In this week’s roundup, combine data, select multiple items, power query tips, better reports, and much more.
1. Multiple Selections with Drop Down List
If you select an item from a data validation drop down list, it replaces any existing data in the cell. If you’d like to add more items to the cell, instead of replacing the current text, you can use a bit of programming to allow that. You can download my Multi-Select Drop Down sample file, to see how this works, and I’ve added new code, to prevent a problem that occurs when you try to type an item in the cell.
2. Combine Data in Excel
If you’re combining data to build a dashboard, Mynda Treacy is offering free one-hour Excel Dashboard webinars this week. Get the details, and sign up for a date and time that is convenient for you. The webinars won’t be offered again for a few months, so don’t miss them!
Even if you don’t have Office 2016 yet, you can use the techniques in the free sample chapter from Curtis Frye’s new book, Microsoft Excel 2016 Step by Step. The chapter title is “How to Combine Data from Multiple Sources in Microsoft Excel 2016”, and shows how to use workbooks as templates, link to data in other files, and consolidate multiple sets of data. That’s how we combined data before we had all the fancy new Power BI tools, and the techniques still work!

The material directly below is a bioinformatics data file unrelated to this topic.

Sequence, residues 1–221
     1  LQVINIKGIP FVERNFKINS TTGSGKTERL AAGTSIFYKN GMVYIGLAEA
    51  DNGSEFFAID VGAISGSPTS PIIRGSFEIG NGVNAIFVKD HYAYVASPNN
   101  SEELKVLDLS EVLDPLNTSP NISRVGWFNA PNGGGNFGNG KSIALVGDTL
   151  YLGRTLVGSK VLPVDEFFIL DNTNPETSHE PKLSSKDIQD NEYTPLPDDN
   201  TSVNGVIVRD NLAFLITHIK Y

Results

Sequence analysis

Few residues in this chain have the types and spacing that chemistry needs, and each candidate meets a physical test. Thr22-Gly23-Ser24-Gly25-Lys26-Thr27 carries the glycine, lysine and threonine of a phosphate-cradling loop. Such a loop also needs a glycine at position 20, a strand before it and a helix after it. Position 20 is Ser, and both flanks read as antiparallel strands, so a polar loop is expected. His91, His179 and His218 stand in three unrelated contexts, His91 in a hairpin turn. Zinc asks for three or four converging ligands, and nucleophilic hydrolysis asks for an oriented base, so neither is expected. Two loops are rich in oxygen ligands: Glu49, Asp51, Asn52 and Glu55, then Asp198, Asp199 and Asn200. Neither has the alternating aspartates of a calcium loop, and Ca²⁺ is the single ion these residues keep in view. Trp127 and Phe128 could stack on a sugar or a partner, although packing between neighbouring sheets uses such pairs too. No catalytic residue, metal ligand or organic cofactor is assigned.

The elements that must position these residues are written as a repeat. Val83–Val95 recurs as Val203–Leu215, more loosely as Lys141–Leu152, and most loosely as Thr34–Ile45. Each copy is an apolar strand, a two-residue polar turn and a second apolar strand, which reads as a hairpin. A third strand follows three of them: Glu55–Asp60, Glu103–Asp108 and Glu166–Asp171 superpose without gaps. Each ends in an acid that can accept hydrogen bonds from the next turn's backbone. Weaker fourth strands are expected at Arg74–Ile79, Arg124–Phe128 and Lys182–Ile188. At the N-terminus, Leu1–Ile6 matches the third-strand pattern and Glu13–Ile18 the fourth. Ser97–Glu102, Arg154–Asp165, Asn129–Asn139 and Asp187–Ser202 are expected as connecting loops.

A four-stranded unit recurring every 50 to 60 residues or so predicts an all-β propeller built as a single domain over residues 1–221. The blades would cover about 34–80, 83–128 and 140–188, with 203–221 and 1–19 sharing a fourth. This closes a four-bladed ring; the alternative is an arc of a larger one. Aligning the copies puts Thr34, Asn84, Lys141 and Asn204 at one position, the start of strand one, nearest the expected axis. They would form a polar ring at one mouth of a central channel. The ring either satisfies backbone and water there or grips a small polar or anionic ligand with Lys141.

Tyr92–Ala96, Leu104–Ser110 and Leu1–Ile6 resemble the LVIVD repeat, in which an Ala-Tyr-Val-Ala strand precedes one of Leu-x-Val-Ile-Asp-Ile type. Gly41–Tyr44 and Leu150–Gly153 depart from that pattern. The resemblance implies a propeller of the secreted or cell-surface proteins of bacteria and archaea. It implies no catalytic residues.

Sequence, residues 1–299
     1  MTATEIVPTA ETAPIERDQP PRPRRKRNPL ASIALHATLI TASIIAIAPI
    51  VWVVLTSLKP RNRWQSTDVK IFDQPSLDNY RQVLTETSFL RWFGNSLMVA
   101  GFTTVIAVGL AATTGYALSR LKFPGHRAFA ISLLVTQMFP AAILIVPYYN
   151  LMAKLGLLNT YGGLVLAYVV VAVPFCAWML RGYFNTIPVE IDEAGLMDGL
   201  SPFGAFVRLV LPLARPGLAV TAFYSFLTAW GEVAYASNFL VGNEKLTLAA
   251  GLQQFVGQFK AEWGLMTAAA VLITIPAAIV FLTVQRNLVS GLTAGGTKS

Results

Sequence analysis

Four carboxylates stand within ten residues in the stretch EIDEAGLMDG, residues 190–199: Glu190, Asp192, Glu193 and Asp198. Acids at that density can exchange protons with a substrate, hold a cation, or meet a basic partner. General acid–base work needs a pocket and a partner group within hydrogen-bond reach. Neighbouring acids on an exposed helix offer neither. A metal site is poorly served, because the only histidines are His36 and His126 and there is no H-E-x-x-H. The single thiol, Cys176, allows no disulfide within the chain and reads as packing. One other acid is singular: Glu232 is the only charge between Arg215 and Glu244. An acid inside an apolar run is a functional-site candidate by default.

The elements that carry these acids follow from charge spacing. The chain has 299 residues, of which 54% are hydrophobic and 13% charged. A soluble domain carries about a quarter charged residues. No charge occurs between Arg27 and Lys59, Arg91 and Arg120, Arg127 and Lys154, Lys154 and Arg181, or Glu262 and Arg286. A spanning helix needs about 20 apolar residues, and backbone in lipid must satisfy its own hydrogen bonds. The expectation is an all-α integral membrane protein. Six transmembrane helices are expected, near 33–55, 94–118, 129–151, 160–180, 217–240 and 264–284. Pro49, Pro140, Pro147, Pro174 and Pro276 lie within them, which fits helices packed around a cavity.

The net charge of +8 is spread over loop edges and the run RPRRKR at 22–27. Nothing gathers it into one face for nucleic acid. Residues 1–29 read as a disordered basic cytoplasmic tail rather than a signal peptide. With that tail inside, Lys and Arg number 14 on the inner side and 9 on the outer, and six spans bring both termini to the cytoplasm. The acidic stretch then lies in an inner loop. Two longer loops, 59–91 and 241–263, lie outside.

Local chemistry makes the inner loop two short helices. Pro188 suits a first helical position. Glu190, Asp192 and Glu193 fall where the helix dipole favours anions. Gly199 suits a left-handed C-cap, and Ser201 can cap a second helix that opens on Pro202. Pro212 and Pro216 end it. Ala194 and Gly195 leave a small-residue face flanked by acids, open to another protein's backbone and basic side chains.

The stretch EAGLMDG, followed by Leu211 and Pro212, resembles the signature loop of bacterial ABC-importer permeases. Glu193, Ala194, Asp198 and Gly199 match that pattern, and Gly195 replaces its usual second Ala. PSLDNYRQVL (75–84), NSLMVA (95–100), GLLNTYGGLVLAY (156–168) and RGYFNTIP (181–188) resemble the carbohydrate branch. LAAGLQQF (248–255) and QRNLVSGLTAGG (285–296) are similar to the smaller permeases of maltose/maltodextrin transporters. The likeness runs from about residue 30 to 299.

3. Data Visualization
Chandoo announced a quick visualization challenge, with prizes for the top two entries. Download the data file, then visualize the data in one Excel chart, without using any add-ins or VBA. The deadline is Sunday, Nov. 1st, so get going, if you want to enter.
For other projects, if you’re creating data visualizations in Power BI Designer or Excel Power View, there’s a handy summary chart that shows which chart types are available in each tool.
4. Power Query
Using Power Query, Gil Raviv shows how to transform any nested table into a Pivot Table. This technique is available for everyone using the new Get & Transform section of the Data tab in Excel 2016, or as an Add-in in previous versions of Excel.
Also, the ebook version of the Power Query book, M is for (Data) Monkey, by Ken Puls and Miguel Escobar, is available now. The print version will be released in December.
5. How to Get Office 2016 With Office 365 ProPlus
Chris Newman couldn’t get the Office 2016 download from this Office 365 ProPlus account, and didn’t want until February 2016, for the general release date. Fortunately, he learned how to tweak some Admin settings, to get the new version, and he shows how to do that, if you’re in the same situation.
6. Better Excel Reports
Charley Kyd posted five ways to make your Excel reports incredibly popular with the managers at your company. One suggestion is to create small charts and tables for comparing key data — but make sure the font is big enough to read!
7. Excel Humour
Finally, for a bit of spreadsheet humour, you can see what people are saying about Excel, in my weekly collection of tweets. Here’s one of my favourite tweets from this week’s collection.
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